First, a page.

Before the competition began, the bookies reckoned that up to 280 wides might be bowled in the 42 matches to be played. Within a week, their calculation had been forced up to 850 after savvy punters had won about £250,000 ($400,000) by betting it would be a lot more.

The bookmakers were on safer ground with their "Fatties' Bets". These are wagers on which of the more portly and less athletic players will be run out while trundling for a quick single or muck up their fielding because of their lack of speed and agility.

Favourites include: rotund Ian Austin of England, flabby Arjuna Ranatunga of Sri Lanka, bulky Inzamam-ul-Haq, and tubby Shane Warne of Australia.

In fact, Warne has resembled a tub of lard so much lately that a claque of spectators, not known for their taste or subtlety, floated a balloon in the shape of a whale when Warne appeared on the field of play.

Warne, who has a reputation for arrogance and vanity, was so enraged that he indulged in some lewd finger gestures at the crowd and was immediately warned by officialdom to curb his lack of self-discipline - his temper, not his eating habits.

Another group of officials - in the British Department of Immigration - have also been obliged to put their foot down because of the World Cup. This followed the flood of applications for visas from residents of India, Pakistan and Sri Lanka to visit England to attend the tournament. Immigration inspectors, who are sensitive to attempts by people from the sub-continent to get into England and then stay there illegally, have devised a special test for visa applicants to explore their knowledge of cricket. If, for instance, they don't know their l.b.w. from a no-ball - then it's no visa.


Group A

England beat Zimbabwe by 7 wickets

India beat Kenya by 91 runs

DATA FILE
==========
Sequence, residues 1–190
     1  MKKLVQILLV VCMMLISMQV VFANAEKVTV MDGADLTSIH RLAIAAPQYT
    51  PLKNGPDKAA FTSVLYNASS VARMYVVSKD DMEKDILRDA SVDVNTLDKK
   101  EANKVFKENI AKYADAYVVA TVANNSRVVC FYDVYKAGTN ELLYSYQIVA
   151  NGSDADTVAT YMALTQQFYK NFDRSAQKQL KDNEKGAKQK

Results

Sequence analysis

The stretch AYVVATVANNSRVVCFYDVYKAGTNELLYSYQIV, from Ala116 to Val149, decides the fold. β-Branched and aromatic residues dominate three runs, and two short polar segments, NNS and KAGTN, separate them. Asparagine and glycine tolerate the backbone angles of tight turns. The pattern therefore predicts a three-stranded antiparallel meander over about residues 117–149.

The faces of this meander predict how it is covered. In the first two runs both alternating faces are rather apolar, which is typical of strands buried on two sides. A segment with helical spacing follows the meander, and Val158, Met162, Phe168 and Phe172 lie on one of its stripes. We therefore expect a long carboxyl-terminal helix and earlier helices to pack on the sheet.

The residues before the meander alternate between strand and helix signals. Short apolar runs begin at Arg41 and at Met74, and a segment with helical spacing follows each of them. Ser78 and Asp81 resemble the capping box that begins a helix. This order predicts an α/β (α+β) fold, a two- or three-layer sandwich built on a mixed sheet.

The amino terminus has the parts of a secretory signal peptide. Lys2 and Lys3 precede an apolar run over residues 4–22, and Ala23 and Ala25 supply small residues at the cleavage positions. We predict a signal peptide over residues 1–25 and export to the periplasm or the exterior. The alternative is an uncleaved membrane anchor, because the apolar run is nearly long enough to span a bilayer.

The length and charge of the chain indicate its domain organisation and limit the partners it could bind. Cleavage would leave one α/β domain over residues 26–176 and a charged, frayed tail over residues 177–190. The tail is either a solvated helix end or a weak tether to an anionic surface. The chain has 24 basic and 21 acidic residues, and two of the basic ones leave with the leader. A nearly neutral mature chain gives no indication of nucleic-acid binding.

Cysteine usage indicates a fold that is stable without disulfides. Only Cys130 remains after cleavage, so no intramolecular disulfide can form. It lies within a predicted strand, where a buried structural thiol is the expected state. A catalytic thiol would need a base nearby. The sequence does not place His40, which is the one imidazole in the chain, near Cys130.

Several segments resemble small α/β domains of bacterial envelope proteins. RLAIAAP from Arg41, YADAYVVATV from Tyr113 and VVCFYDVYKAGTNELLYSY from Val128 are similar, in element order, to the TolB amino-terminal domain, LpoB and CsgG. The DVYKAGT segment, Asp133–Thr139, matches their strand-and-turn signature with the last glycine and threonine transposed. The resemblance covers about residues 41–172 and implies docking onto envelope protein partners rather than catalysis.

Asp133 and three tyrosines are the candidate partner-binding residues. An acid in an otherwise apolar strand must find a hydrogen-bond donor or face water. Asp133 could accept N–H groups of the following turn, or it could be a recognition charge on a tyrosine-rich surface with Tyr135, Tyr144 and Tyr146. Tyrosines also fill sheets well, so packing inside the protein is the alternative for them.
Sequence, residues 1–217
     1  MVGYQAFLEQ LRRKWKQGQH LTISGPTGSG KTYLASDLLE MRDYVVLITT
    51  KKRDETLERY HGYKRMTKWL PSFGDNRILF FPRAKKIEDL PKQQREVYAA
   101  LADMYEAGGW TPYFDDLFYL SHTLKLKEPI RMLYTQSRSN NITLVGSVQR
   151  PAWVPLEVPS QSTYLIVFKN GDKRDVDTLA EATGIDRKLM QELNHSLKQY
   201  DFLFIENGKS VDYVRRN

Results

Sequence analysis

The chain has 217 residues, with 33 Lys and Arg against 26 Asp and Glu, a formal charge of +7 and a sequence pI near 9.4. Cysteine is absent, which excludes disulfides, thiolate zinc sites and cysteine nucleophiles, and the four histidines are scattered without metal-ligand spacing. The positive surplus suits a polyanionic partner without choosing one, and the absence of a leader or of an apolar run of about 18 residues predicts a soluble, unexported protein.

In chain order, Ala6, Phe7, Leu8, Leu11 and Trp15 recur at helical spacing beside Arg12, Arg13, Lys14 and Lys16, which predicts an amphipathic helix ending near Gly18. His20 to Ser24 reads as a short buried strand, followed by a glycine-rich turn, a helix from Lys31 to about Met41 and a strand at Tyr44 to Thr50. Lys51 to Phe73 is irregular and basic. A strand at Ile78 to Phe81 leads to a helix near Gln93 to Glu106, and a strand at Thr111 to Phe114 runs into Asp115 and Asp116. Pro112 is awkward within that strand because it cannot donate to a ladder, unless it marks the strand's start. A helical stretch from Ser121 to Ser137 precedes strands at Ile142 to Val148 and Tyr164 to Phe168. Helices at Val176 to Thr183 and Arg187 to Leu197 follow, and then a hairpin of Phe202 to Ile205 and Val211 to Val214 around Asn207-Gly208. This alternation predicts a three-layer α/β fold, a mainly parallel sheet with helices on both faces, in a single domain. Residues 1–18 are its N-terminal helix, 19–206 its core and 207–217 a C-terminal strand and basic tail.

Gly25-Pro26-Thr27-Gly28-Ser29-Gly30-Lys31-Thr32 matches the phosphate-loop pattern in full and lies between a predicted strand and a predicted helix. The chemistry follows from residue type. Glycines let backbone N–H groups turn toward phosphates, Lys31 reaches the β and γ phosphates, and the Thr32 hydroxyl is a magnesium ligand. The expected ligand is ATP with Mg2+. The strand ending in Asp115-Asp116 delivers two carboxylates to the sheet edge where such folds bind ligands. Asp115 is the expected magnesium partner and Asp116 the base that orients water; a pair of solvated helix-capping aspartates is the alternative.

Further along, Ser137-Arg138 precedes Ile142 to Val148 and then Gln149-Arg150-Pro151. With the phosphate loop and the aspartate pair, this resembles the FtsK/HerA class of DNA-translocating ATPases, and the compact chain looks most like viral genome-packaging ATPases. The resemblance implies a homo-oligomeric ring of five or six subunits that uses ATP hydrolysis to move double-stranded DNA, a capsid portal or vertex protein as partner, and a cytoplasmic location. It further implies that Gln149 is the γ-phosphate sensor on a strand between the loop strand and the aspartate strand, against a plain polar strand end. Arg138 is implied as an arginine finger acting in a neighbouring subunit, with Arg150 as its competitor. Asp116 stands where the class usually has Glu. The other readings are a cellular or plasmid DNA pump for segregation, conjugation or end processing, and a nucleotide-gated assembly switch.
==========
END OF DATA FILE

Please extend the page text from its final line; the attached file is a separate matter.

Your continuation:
India beat Sri Lanka by 157 runs

South Africa beat England by 122 runs

South Africa beat Kenya by 7 wickets

Sri Lanka beat Zimbabwe by 4 wickets

Group B

Australia beat Bangladesh by 7 wickets

Bangladesh beat Scotland by 22 runs

Pakistan beat Australia by 10 runs

West Indies beat Bangladesh by 7 wickets

West Indies beat New Zealand by 7 wickets

West Indies beat Scotland by 8 wickets

The top three countries in Group A will meet the top three in Group B in a "Super Six" play-off beginning on June 4th.

Adrian Porter spent a working lifetime as a foreign correspondent for the BBC and other news organisations in various parts of the world. As a cricket fanatic, he managed to find time to play the game in such unlikely places as Bangkok, Buenos Aires, Singapore and New York. His latest venture was to help establish a cricket team in Strasbourg and looks forward to a team from France playing in the World Cup.

Photos in this series courtesy The Book of British Sporting Heroes, compiled by James Huntingdon-Whiteley, published to accompany the exhibition, British Sporting Heroes, held at the National Portrait Gallery, London, from 16 October 1998 to 24 January 1999, and available at the National Portrait Gallery, St Martin's Place, London WC2H 0HE

Read Adrian Porter's weekly articles on the Cricket World Cup

Opening article: Domination is the Name of the Game
Results of 1st Week: A Commonwealth Row and High Tech Foul Up Cricketing Traditions